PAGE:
Clouds of star-forming gas are being shot 'like bullets' across the galaxy

The cold molecular cloud known as the "Finger of God" is a stellar nursery in the Milky Way, just like two clouds recently discovered near the galaxy's center.
The cold molecular cloud known as the "Finger of God" is a stellar nursery in the Milky Way, just like two clouds recently discovered near the galaxy's center. (Image credit: NASA/ Hubble)

There's a flood of scorching nuclear wind pouring out of our galaxy's center, and astronomers have discovered two tiny islands of unborn baby stars caught in the riptide.

These two hunks of cosmic driftwood are actually freezing-cold clouds of hydrogen gas, each one as frigid as Pluto (about minus 400 degrees Fahrenheit, or minus 240 degrees Celsius) and carrying the mass of more than 200 suns. In calmer waters, they could be stellar nurseries — those ultra-dense clouds of gas where molecules can bundle up into stars. However, the searing winds of the galactic center seem to have other plans for them, a new study published Aug. 19 in the journal Nature suggests.

Flying "like bullets" away from the galactic center, the two tiny clouds of gas seem to be colliding head-on with hotter, more energetic winds from the galaxy's heart, according to the study. This ongoing collision threatens to dismantle the gas clouds entirely, smothering their star-forming potential.

Related: 11 fascinating facts about our Milky Way galaxy

"Galaxies can be really good at shooting themselves in the foot," study co-author Naomi McClure-Griffiths, an astrophysicist at The Australian National University (ANU), said in a statement. "When you drive out a lot of mass, you're losing some of the material that could be used to form stars, and if you lose enough of it, the galaxy can't form stars at all anymore."

Cold gas clouds are rare in the modern Milky Way, and especially within the vast central domain of the galaxy's nuclear winds, the researchers said. These two gas clouds sit toward the base of the Fermi Bubbles — two gargantuan orbs of hot gas and cosmic rays that tower 25,000 light-years over each side of the galactic center (for comparison, the entire Milky Way is only about 100,000 light-years in diameter).

Scientists have linked the Fermi Bubbles to a mighty outburst of energy from the galaxy's central black hole, which occurred millions of years ago. All these millennia later, those gassy blobs are still blazing hot, measuring more than 10,000 F (5,700 C) — far too hot for star formation.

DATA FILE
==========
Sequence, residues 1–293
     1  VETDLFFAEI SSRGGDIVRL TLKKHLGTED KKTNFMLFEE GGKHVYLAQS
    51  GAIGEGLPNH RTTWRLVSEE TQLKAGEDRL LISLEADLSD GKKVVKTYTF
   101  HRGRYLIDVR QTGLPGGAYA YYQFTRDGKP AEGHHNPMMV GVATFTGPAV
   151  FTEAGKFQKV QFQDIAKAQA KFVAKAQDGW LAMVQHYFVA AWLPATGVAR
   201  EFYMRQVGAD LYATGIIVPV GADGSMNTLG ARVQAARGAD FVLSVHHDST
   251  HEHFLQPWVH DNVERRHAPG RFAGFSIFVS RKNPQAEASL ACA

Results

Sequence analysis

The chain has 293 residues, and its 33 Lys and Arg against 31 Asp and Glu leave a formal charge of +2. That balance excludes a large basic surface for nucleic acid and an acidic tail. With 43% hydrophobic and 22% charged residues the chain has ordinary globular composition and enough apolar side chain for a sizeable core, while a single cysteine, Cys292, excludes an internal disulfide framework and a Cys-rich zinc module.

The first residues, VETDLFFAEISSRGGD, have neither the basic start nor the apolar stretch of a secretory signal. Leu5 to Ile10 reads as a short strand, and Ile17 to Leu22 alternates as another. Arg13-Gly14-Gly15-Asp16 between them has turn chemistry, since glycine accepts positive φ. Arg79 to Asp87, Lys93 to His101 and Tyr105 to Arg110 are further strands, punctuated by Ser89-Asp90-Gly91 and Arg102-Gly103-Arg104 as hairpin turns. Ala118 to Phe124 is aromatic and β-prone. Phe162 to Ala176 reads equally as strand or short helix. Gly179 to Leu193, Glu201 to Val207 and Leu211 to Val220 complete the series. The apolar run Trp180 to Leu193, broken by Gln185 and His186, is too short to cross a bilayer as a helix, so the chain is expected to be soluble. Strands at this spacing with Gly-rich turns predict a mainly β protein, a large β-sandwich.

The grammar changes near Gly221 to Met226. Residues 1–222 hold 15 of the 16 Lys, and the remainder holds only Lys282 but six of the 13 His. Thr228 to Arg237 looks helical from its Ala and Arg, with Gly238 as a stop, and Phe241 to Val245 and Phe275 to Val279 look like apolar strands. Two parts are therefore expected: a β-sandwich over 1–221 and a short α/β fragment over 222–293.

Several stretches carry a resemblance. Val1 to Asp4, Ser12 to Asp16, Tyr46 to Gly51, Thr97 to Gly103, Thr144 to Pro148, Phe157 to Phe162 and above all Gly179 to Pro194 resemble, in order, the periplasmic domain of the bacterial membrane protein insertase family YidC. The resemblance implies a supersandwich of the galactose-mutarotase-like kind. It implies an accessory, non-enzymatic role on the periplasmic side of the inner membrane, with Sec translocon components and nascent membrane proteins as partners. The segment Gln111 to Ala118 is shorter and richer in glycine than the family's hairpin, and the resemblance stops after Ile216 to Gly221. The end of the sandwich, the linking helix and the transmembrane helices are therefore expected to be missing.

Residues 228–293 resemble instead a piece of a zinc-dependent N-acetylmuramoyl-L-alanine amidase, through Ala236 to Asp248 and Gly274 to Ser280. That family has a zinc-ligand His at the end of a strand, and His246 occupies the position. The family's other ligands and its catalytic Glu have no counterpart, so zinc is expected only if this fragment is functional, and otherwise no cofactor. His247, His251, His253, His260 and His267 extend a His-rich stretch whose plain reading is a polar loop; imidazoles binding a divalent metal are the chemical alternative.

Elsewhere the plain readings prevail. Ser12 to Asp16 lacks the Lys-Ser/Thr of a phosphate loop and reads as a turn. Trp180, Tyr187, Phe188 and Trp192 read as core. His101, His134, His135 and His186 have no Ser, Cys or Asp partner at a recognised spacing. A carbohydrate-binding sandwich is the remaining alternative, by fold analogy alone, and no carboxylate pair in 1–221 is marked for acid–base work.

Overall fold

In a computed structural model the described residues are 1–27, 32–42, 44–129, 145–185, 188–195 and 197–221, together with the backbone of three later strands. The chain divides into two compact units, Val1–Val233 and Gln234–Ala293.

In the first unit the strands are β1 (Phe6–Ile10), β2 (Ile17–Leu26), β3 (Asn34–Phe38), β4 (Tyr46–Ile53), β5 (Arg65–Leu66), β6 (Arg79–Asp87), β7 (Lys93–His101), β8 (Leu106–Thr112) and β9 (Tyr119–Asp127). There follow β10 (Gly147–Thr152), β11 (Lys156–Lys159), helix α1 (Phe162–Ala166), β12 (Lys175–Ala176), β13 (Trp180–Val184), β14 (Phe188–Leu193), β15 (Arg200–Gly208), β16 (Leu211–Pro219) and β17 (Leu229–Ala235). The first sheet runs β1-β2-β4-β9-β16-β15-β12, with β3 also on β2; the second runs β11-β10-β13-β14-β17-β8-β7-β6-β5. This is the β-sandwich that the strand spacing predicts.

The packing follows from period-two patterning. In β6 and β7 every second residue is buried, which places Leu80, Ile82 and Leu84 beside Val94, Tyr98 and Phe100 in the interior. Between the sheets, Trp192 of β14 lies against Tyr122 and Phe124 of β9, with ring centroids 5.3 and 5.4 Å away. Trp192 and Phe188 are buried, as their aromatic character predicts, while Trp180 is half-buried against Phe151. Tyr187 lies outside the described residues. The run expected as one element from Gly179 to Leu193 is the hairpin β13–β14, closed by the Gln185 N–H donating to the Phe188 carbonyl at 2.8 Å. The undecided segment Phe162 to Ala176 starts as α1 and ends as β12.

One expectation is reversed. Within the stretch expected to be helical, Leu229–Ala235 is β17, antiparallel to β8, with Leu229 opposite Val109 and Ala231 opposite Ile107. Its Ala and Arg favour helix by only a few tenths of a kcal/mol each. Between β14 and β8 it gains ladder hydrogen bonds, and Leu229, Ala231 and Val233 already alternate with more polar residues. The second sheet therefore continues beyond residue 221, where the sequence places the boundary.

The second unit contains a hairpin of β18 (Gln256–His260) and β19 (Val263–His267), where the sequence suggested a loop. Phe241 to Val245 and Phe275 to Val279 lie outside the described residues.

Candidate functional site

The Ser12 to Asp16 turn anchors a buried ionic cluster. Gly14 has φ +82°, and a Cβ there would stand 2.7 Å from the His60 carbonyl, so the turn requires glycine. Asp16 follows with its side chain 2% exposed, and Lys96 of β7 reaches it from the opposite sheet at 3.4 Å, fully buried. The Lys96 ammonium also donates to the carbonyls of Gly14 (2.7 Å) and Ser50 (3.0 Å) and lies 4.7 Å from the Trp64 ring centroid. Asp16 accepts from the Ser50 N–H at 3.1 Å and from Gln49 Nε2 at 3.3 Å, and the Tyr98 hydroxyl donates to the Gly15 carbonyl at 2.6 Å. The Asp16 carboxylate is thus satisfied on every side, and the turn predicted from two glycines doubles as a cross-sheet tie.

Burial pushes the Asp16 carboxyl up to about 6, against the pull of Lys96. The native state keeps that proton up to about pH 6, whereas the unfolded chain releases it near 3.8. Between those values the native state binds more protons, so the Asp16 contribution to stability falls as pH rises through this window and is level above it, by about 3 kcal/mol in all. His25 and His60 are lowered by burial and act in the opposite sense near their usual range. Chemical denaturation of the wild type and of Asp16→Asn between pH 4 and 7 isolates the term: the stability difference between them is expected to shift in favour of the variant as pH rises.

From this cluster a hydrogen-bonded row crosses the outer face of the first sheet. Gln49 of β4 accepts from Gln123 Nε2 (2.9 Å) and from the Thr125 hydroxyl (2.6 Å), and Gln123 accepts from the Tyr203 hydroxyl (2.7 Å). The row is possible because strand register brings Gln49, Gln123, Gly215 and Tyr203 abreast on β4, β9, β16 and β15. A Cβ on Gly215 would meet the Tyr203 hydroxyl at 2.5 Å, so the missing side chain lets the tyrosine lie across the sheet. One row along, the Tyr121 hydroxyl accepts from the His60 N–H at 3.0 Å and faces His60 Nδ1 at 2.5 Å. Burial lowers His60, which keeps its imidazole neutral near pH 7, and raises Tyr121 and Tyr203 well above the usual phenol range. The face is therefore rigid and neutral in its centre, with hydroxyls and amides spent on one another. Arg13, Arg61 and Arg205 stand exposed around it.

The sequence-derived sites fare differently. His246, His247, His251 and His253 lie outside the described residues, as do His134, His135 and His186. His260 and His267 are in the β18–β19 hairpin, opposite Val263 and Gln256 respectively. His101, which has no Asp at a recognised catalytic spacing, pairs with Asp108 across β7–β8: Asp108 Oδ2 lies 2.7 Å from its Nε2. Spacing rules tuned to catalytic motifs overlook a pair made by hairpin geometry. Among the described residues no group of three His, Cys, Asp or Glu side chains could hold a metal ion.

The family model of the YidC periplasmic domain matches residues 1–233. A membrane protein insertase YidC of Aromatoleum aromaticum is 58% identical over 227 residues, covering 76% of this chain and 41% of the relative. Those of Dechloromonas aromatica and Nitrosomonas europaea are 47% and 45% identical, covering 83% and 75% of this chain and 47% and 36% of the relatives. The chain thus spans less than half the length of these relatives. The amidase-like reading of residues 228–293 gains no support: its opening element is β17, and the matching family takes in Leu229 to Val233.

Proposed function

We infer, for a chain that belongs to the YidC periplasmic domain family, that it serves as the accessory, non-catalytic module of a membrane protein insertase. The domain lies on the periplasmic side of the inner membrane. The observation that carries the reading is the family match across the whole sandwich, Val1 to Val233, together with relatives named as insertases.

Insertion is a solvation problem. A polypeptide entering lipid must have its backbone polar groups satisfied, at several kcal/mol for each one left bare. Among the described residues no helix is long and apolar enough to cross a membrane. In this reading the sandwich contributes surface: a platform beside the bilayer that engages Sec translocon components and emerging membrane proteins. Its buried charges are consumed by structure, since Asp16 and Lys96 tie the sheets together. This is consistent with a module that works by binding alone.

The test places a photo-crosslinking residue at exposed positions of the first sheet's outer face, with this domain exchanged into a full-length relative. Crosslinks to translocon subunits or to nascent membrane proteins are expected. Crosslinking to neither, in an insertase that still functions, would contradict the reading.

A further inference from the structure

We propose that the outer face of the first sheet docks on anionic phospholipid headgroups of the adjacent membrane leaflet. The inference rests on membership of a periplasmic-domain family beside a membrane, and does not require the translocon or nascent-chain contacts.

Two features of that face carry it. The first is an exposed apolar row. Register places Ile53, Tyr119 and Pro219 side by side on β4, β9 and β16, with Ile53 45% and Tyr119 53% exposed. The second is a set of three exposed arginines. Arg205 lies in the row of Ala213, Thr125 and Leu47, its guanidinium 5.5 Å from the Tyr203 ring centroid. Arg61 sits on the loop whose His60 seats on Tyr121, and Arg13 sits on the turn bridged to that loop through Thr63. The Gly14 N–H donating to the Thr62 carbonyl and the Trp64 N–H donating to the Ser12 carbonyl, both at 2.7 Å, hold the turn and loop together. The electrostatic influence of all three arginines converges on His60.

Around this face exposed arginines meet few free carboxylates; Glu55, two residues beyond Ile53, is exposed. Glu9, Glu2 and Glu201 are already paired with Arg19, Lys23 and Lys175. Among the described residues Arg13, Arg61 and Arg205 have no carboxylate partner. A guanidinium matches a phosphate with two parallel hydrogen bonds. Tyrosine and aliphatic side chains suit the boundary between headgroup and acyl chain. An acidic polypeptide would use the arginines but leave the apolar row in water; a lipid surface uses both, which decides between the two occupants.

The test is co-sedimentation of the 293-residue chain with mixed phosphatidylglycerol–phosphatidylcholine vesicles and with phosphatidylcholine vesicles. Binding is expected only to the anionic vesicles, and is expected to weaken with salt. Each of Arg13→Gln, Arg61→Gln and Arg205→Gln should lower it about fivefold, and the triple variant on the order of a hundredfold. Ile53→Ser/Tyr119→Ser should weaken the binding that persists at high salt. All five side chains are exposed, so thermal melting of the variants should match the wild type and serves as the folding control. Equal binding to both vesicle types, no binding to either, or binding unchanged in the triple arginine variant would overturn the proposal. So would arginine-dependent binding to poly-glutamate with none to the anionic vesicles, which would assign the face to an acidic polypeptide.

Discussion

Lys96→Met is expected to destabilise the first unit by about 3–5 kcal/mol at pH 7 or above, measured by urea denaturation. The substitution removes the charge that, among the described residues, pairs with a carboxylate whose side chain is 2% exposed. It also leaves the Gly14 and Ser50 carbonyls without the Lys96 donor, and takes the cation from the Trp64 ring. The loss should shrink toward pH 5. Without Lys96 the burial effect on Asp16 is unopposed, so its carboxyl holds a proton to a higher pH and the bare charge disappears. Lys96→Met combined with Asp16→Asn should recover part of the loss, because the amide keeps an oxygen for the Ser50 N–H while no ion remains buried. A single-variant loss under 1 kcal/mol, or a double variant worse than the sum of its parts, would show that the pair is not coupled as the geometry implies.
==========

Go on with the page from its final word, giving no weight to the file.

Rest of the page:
How the newly-discovered gas clouds ended up inside those inhospitable bubbles is still a mystery, the authors of the new study said. Elsewhere in the universe, it's not unusual for star-forming material to get swept through space by jets from an active supermassive black hole, or to be shunted by solar winds blowing out of the densely packed stars near a galaxy's center. But the Milky Way's central black hole has not been active for a long time, the researchers said, nor does it contain enough stars near its center to create the sort of kick needed to send the gas clouds soaring.

"We don't know how either the black hole or the star formation [in the Milky Way] can produce this phenomenon," lead author Enrico Di Teodoro of Johns Hopkins University said in the statement. "We're still looking for the smoking gun, but it gets more complicated the more we learn about it."

Hopefully, further observations will reveal how these cool clouds got punted into the cosmic inferno.

Originally published on Live Science.

Brandon Specktor

Brandon is the space/physics editor at Live Science. His writing has appeared in The Washington Post, Reader's Digest,, the Richard Dawkins Foundation website and other outlets. He holds a bachelor's degree in creative writing from the University of Arizona, with minors in journalism and media arts. He enjoys writing most about space, geoscience and the mysteries of the universe.